It’s also important to remember that trails are what keep people from getting lost. Even with a great sense of direction and navigational tools, it’s easy to get disoriented and lost in the backcountry. In fact, the most common reason for people getting lost in the woods is because they went off marked trails. 

Be Prepared for an Emergency


The best way to handle an emergency is to be prepared for it to happen. In addition to bringing extra supplies, it’s not hard to learn a few skills to keep you safe.


Do a little research and practice basic first aid. Learning CPR, how to bandage wounds or stop bleeding, and having a plan for reacting to inclement weather can all make a major difference in the event of an emergency. 

Take the Weather Into Account


Part of the planning stage for any hike should include a look at the weather. Taking a detailed look makes it easier to choose the right clothing and supplies to take with you. 


In colder weather, it’s important to dress in layers and have cold-weather gear for camping. In hot weather, be sure to bring extra drinking water and take more breaks. 


Sudden rainstorms can lead to flash floods, mudslides, or unsafe wind conditions. If it looks like bad weather could be a problem for your trip, it’s important to be aware of it before leaving. Have a plan to turn back and don’t hesitate to do so. It might be necessary to just reschedule the trip for a time with better weather as well.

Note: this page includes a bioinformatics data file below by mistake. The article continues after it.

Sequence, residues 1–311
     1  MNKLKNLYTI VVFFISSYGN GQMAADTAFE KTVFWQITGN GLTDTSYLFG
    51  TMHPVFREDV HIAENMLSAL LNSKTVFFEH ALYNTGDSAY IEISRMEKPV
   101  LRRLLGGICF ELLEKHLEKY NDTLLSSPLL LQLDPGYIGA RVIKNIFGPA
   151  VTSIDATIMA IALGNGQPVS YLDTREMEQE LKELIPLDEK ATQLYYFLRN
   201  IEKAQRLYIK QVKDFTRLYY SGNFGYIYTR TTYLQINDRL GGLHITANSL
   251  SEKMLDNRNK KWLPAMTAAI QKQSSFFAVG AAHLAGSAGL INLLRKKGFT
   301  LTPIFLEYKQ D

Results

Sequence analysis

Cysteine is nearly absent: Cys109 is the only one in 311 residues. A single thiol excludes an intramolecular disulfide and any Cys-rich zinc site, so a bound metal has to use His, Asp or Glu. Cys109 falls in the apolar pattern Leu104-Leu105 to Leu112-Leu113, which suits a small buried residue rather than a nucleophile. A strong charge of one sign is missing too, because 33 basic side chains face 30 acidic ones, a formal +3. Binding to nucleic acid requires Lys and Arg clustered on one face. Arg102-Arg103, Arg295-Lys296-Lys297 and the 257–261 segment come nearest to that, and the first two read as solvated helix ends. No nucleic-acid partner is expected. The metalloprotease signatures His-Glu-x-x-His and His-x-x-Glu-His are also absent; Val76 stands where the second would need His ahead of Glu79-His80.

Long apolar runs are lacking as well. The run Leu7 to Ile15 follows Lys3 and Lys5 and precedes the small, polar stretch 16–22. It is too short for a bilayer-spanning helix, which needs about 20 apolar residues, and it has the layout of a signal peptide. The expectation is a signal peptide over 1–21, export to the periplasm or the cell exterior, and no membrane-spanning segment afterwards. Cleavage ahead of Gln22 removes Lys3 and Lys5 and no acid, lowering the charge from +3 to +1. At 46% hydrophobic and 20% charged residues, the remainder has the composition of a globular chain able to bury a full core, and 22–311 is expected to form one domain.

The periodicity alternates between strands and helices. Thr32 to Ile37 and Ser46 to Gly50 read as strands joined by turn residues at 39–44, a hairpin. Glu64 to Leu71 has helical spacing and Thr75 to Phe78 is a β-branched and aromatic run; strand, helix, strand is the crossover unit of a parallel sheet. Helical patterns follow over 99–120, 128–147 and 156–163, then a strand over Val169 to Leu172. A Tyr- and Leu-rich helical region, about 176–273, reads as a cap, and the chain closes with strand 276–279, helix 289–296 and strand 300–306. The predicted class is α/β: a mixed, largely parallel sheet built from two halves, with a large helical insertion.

Going out into nature means coming into contact with wildlife. For some, watching wildlife is the motivation for the hike. There’s nothing wrong with seeing animals in nature, but it’s important to remember that they’re wild animals and not pets. 


Before going out, be aware of what animals are in the area. If there are animals that can pose significant threats to people like bears or mountain lions, have a plan for if and when that happens. 


You can minimize risk by storing food properly and knowing how to act when animals are around. If there are any sick or aggressive animals on the trail, report that to park rangers or wildlife services.